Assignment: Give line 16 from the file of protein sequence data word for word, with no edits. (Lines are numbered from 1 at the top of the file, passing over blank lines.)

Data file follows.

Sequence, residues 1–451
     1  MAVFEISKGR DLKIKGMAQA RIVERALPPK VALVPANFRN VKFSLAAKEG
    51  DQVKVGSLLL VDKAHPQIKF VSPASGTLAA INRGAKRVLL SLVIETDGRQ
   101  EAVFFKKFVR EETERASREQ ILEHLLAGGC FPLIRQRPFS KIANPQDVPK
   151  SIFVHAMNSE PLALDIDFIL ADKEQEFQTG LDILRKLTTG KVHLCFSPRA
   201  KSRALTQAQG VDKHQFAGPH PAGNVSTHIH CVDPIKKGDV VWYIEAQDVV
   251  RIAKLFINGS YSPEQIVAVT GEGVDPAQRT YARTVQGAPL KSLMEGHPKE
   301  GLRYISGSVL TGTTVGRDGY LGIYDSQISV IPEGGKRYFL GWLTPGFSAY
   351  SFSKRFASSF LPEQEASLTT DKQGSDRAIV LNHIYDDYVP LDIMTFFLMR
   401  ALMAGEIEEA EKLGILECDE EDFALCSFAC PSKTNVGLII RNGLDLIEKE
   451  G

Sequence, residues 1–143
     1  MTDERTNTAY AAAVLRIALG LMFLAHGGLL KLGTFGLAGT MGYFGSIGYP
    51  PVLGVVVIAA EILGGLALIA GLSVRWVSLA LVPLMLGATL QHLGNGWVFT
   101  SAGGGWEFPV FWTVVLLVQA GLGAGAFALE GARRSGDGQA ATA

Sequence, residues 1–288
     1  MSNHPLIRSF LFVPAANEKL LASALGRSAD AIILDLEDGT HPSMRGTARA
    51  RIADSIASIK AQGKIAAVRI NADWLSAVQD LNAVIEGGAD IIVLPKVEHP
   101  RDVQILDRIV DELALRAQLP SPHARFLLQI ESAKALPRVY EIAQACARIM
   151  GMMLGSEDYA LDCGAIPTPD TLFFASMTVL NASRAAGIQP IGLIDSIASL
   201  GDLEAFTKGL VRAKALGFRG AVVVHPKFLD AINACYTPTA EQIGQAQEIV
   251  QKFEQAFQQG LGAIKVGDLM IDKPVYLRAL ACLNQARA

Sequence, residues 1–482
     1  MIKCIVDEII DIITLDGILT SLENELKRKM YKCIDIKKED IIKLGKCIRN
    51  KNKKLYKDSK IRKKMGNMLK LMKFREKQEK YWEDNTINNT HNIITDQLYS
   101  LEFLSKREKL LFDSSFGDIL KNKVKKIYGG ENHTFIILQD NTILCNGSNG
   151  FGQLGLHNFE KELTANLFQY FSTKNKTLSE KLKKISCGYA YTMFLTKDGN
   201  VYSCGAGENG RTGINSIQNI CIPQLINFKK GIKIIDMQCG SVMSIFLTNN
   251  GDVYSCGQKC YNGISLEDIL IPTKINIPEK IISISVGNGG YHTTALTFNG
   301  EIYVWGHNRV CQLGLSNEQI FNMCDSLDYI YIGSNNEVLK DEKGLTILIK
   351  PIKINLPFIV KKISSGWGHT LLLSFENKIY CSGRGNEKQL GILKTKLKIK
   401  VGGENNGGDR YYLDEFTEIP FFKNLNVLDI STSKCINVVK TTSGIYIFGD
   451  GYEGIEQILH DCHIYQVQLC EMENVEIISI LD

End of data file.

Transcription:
Sequence, residues 1–288